“How bored are you from 0 to checking LinkedIn?” I recently saw this question posed on a meme and had a chuckle to myself because, for a lot of us, the implication here is true. LinkedIn has over one million Irish users but how often are we actually updating our profiles and engaging with our connections? If I’m honest, the answer is not very often.

Facebook, Twitter and Instagram are usually seen as the fun, colourful social platforms that offer a welcome distraction from the working day. LinkedIn, on the other hand, is often deemed the “boring” social network, nothing more than an online CV that needs to be updated when we’re looking for work. And that’s the mistake we’re all making! LinkedIn is so much more than that and there is a huge professional benefit to regularly updating our profiles, even if we’re 100% happy in our jobs. Here’s why…

You never know who’s looking

Our recent Employment Monitor found that 96% of employees would consider leaving their job if a better role came up. Even if you’re not actively searching for work, it’s important to be aware of opportunities in your industry. Every day, employers and recruiters take to the LinkedIn search bar to source passive candidates just like you.

Whether or not they get in touch will be based on where you appear in the search results and the quality of your online profile. Much like Google, LinkedIn privileges “fresh” accounts that are regularly updated. To stay at the top of the pile, you should tweak your job description every few weeks and ensure it contains all the right keywords. This means you are more likely to be contacted when fantastic jobs come up.

You’re in control of your personal brand

It’s not just employers that could be sussing you out. Potential colleagues, clients and partners will also make a first impression of you based on your profile. If your page is out of date, with no image or very little information, they may find someone else to do business with or see you in a negative light.

LinkedIn is one of the few places where you are completely in control of the professional image you are portraying. You have space to talk in depth about your experience – not just your current role, but also your education background, interests, awards and any volunteering which makes you unique. Paint a well-rounded picture of yourself and you’ll reap the benefits throughout your career.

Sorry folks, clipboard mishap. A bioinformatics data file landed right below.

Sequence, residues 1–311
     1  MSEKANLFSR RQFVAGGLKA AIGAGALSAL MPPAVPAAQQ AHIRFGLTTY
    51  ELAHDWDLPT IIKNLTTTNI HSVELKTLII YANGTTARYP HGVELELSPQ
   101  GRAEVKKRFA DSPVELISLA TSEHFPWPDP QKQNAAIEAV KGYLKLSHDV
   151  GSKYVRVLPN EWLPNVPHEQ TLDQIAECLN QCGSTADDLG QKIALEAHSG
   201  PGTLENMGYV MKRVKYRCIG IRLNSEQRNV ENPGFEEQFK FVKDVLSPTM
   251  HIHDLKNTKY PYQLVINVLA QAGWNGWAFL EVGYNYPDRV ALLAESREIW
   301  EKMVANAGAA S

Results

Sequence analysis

You can show off what you know

It can be hard promoting yourself in the workplace without coming across as arrogant or boastful. LinkedIn allows us to demonstrate our industry knowledge in a way that’s often difficult to do in real life. Sharing valuable content and regularly engaging in group discussions increases your professional credibility and sets you apart from others in your industry. It also keeps you on your toes – you have to have a thorough understanding of terms used, topics discussed and jokes shared in your sector.

You’re saving time and effort down the line

Let’s face it, you never know what the future holds and when you might end up looking for work. It’s much easier to update your profile as you go along, rather than trying to remember details of noteworthy projects and impressive reports later on. It’s usually advised that your CV doesn’t exceed two pages, which can be a bit limiting when it comes to detailing all of your career successes.

You have much more scope on LinkedIn so when you hit a target or achieve a goal, make a note of it. It’s also a lot harder to make connections in bulk when you leave a job – LinkedIn may even see this as spam-like activity and blacklist you. Connect with people as you meet them and you’ll have a decent social network to refer to in the future.

LinkedIn is an amazing tool for increasing your professional visibility and credibility, that much is clear. It can also be, dare I say it, pretty fun. Where else can you share jokes about your industry and actually get a laugh? With all that in mind, I think it’s time I took a dose of my own medicine and got updating. Shouldn’t you too?

Is your LinkedIn profile good to go?

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